The $799 Mac Mini refresh includes a 2.0GHz Intel Core 2 Duo processor with the new Nvidia GeForce 9400M integrated graphics chip, 2GB of DDR3 RAM, a 320GB hard drive running at a slow 5,400rpm, a dual-layer DVD burner, and 802.11n wireless networking. You still need to add a monitor, a keyboard, and a mouse to have a fully functional system.

For around the same price, the Gateway LX6810-01 nets you a faster 2.3GHz quad-core processor, 8GB of DDR2 RAM, double the storage space at 7,200rpm, and a dedicated 1GB Nvidia graphics card with an HDMI-output. We found the Mac Mini's gaming performance with its new Nvidia chip passable, but it can't compare with the stability of the full-fledged 3D card inside the Gateway.

If the Gateway's midtower design isn't as living-room-friendly as the tiny Mac Mini, its HDMI output gives you an easier means to connect the Gateway to a standard HDTV. The Mac Mini requires at least one, if not two adapters to make that same connection, depending on whether your TV has a standard DVI input.

We should also point out the Dell Studio Hybrid for living-room suitability. Dell's tiny PC is perhaps the most direct Windows-based competitor to the Mac Mini. The last time we reviewed one was in July 2008, with no 64-bit Windows option, and only 800MHz DDR2 RAM. Dell hasn't updated those specs since then, and as you can see on our performance charts below, the Dell Studio Hybrid is not very competitive in its price range. That said, it at least offers both HDMI and full-size DVI video outputs, with no adapters required.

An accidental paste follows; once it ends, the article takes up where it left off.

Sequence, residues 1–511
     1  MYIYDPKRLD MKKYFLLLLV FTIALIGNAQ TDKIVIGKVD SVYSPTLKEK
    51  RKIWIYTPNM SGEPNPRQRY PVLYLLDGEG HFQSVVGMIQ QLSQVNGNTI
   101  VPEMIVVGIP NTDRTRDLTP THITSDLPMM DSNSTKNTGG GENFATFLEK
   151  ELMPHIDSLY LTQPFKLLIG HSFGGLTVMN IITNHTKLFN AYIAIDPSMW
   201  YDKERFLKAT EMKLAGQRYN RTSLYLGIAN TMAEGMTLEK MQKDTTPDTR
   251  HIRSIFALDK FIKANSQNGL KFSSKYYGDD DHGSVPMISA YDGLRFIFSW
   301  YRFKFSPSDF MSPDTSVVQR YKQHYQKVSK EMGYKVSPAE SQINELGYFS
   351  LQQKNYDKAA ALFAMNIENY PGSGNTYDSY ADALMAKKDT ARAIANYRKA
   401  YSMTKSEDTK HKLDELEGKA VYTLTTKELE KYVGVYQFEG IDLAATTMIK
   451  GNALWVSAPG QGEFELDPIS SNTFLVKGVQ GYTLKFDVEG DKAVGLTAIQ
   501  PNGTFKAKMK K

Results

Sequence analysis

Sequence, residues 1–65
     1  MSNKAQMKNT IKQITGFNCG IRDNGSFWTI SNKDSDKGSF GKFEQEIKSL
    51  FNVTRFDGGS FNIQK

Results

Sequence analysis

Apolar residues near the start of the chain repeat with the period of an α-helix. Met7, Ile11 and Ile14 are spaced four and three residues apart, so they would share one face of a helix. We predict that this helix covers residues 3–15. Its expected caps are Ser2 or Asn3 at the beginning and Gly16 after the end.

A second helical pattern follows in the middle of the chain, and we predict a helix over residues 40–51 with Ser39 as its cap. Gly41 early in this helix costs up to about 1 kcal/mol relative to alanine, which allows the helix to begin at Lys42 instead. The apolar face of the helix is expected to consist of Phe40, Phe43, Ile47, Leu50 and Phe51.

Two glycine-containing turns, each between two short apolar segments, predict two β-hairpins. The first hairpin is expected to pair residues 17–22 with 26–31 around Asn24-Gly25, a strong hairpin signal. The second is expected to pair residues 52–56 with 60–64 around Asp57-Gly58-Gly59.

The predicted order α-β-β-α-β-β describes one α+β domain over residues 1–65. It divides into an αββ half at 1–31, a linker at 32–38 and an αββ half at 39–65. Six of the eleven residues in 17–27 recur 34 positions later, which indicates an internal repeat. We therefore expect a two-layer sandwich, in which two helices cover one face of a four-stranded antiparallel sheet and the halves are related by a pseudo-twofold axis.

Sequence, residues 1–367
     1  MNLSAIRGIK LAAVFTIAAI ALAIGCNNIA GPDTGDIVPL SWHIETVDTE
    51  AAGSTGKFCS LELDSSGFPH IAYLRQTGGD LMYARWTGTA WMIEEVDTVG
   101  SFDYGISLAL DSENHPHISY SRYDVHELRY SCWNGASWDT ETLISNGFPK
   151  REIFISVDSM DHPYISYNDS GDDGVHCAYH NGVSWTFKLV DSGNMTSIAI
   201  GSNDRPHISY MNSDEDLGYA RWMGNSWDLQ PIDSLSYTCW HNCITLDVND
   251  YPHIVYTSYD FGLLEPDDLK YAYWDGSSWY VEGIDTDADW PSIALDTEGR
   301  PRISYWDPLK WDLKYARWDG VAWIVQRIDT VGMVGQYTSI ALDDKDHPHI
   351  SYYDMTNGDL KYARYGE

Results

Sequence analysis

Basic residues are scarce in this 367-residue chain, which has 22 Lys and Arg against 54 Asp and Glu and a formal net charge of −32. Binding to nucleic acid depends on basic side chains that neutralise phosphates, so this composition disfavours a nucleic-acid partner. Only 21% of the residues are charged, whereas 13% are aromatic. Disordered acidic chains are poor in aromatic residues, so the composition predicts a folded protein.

By providing no obvious internal access, the Mac Mini obviously can't match a standard desktop's upgrade potential--that's a common criticism of the Mac Mini, and we suspect anyone thinking about buying one has already taken that fact into consideration. The Dell Studio Hybrid suffers from the same locked case, but systems like HP's SlimLine series strike a nice balance between the Mac Mini's size and the upgradability of a traditional Windows PC. We would be sure to look into one of those systems if you want a smaller scale desktop.

Adobe Photoshop CS3 image-processing test (in seconds)
(Shorter bars indicate better performance)

Apple iTunes encoding test (in seconds)
(Shorter bars indicate better performance)

Multimedia multitasking (in seconds)
(Shorter bars indicate better performance)

(Longer bars indicate better performance)
Rendering Multiple CPUs  
Rendering Single CPU  

We have mixed feelings about the Mac Mini's benchmark performance. The $799 model has 2GB of RAM compared with the $599 Mac Mini's 1GB, but that really only helps the higher-end Mini on our multitasking test. Otherwise, both systems are equally slow compared with a handful of Windows desktops. As we said about the $599 Mac Mini, fast multitasking is very useful, especially in a work setting. We just wish we didn't have to sacrifice so much single application performance to get it.

We also credit Apple for boosting the Mac Mini's gaming performance with the new Nvidia chip. We were able to run Quake 4 at 1,600x900 at decent image quality with minimal lag. Our gameplay experience wasn't entirely seamless, and more recent games will surely provide a larger challenge. But as a budget gaming system, the Mac Mini is at least respectable.